A quick sharing of my impressions on What Was Lost, by Catherine O’Flynn—and I suppose this in itself is reflective of how the reading experience was for me. So. The blurb, because you know how I just suck at summaries:
In the 1980s, Kate Meaney—“Top Secret” notebook and toy monkey in tow—is hard at work as a junior detective. Busy trailing “suspects” and carefully observing everything around her at the newly opened Green Oaks shopping mall, she forms an unlikely friendship with Adrian, the son of a local shopkeeper. But when this curious, independent-spirited young girl disappears, Adrian falls under suspicion and is hounded out of his home by the press.
Then, in 2003, Adrian’s sister Lisa—stuck in a dead-end relationship—is working as a manager at Your Music, a discount record store. Every day she tears her hair out at the outrageous behavior of her customers and colleagues. But along with a security guard, Kurt, she becomes entranced by the little girl glimpsed on the mall’s surveillance cameras. As their after-hours friendship intensifies, Lisa and Kurt investigate how these sightings might be connected to the unsettling history of Green Oaks itself. Written with warmth and wit, What Was Lost is a haunting debut from an incredible new talent.
 It was an okay read, a pleasant enough read. I don’t know if this book would stay with me long after I read it. It’s been two days, and it’s still gah and bah and wah-ever. A good book to kill time with in the hospital. It wasn’t engrossing, but it served its purpose.
 There seemed to be a whole lot of unnecessary tragedy in this novel. A LOT. The entire plot’s basically founded on this. And, ironically, a lot of unearned sentimentality. Like that scene where Lisa decides to help Kurt look for this girl caught on camera:
“You should try and find her,” she said. “Maybe she’s run away from home….” She paused for a moment and thought about her brother. She found herself saying, “I’ll help you if you like. She might be less scared of a woman. We could find her and talk to her. This is a horrible place to be in by yourself.”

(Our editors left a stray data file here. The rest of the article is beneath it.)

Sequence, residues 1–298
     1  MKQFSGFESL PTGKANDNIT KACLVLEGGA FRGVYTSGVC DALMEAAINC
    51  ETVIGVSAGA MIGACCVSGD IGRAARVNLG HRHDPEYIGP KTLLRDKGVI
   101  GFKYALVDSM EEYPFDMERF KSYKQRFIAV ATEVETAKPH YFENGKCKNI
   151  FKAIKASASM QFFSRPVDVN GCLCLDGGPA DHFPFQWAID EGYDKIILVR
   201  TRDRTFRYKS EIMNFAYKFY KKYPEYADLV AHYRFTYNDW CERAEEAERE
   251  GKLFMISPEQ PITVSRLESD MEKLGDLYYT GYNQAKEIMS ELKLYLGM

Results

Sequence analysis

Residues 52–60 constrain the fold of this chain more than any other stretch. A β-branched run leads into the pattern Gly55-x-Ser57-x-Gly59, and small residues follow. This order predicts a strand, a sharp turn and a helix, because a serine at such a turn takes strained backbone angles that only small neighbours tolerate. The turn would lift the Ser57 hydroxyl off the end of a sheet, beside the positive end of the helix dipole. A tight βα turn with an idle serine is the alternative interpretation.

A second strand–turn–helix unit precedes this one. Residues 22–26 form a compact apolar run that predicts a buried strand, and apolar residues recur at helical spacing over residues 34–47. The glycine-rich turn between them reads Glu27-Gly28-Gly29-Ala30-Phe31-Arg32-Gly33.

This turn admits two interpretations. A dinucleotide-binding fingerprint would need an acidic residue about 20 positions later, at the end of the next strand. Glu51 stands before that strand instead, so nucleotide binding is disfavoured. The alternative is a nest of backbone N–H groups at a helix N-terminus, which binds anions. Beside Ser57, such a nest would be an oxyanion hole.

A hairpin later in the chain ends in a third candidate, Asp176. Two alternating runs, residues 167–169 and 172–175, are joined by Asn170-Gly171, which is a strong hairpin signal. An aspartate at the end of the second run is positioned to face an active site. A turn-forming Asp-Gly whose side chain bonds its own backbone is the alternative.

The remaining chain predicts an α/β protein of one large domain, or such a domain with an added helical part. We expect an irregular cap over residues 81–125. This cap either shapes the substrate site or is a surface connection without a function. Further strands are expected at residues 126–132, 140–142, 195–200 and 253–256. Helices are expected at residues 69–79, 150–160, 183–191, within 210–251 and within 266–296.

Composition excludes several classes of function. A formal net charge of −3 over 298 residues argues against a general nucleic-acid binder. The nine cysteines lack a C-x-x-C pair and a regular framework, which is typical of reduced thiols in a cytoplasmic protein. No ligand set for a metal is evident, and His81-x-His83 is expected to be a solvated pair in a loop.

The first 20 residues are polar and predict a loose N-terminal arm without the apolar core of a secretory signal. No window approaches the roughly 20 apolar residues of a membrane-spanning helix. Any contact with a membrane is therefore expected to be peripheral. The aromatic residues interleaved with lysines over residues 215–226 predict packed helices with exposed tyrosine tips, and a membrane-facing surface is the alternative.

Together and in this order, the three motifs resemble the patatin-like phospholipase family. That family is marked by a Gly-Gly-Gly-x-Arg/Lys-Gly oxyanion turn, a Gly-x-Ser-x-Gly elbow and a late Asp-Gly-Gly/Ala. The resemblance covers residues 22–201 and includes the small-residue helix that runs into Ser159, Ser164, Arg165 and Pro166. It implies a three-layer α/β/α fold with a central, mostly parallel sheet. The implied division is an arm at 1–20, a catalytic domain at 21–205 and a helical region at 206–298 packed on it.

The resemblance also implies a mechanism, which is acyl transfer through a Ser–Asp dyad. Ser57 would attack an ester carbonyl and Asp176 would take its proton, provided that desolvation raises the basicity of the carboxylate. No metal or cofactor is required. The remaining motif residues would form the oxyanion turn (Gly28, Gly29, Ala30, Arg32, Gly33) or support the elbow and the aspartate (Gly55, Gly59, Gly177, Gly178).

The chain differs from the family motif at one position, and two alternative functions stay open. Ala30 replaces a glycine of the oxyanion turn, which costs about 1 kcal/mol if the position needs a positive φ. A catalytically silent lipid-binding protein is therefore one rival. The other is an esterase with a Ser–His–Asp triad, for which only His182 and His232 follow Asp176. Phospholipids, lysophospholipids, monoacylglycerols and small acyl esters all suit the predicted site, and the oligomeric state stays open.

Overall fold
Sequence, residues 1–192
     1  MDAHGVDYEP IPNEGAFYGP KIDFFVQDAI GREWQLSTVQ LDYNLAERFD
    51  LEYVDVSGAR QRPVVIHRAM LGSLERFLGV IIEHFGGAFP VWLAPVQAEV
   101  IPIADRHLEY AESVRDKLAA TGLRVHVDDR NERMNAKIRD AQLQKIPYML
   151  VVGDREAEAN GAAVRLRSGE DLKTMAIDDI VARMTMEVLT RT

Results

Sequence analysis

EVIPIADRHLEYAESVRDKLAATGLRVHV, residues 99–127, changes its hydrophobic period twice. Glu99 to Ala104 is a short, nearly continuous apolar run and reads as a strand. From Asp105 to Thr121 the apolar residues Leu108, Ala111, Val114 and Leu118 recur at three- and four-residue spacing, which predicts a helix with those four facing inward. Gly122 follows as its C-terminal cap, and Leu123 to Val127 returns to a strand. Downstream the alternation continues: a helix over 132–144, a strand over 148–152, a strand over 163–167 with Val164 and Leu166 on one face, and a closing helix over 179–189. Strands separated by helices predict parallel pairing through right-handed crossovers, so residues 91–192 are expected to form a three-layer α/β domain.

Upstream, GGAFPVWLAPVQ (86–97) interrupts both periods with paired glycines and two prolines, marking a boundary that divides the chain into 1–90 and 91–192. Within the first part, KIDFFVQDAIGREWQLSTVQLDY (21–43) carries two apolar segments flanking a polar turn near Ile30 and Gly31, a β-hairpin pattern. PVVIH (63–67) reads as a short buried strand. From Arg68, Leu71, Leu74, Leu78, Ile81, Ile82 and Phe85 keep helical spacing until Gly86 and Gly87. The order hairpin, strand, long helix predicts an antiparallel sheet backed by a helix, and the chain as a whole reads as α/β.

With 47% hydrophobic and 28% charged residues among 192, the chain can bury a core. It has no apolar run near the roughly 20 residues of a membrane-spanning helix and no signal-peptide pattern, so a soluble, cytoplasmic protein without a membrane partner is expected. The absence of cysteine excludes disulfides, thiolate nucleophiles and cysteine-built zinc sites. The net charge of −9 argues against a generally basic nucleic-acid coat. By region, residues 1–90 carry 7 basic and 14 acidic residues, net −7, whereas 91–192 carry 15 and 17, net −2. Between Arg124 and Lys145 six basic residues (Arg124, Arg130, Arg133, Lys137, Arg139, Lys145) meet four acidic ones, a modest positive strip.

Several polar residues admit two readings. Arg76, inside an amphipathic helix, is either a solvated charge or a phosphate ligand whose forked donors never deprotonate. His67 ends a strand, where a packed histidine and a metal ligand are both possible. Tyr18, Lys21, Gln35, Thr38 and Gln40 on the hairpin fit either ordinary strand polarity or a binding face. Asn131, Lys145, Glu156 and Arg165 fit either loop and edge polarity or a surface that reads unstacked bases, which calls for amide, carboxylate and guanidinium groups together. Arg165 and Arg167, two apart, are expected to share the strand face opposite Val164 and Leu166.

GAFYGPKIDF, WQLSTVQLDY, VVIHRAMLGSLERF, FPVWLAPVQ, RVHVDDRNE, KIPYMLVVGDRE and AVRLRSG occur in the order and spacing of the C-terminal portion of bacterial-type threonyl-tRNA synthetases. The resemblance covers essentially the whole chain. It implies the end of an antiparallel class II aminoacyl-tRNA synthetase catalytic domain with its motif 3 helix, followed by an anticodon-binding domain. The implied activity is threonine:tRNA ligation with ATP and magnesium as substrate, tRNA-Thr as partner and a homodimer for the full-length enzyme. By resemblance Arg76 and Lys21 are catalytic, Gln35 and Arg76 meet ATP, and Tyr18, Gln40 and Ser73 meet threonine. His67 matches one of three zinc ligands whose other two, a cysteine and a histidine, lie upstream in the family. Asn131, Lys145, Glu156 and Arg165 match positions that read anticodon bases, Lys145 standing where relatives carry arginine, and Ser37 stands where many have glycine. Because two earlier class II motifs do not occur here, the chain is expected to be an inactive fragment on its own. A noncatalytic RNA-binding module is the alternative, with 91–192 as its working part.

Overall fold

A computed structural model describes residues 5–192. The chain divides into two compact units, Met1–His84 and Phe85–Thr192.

He looked at her. “Why do you want to help me?”
Lisa wasn’t sure what to say and so told the truth. “Because I’ve been lost here for years—maybe you have too. But we could rescue her.”
Hello. I swear, I put the book down, torn between grimacing and laughing out loud.
 And there were too much extraneous details that I’m sure lent to the credibility of the characters, but I really didn’t care for it—pretty easy to skip. A testament to how extraneous those cluttering details were: those things that the blurb was talking about? Didn’t happen until page 124. And this is a 240-page book. It’s not so much a problem with the blurb—I put the blame on the plotting.
I don’t know. Maybe lots of other people enjoyed it. It’s got a smattering of medals and distinctions, short-listed and long-listed for this and that, winner of that thing. But I just didn’t enjoy it—and I don’t think the reading conditions were entirely to blame. Who knows if this would change with a new reading. Then again, I don’t think I would read this again. Sigh. But I am thankful that, well, it kept me company for those couple of hours. Now I’m confused. Bah.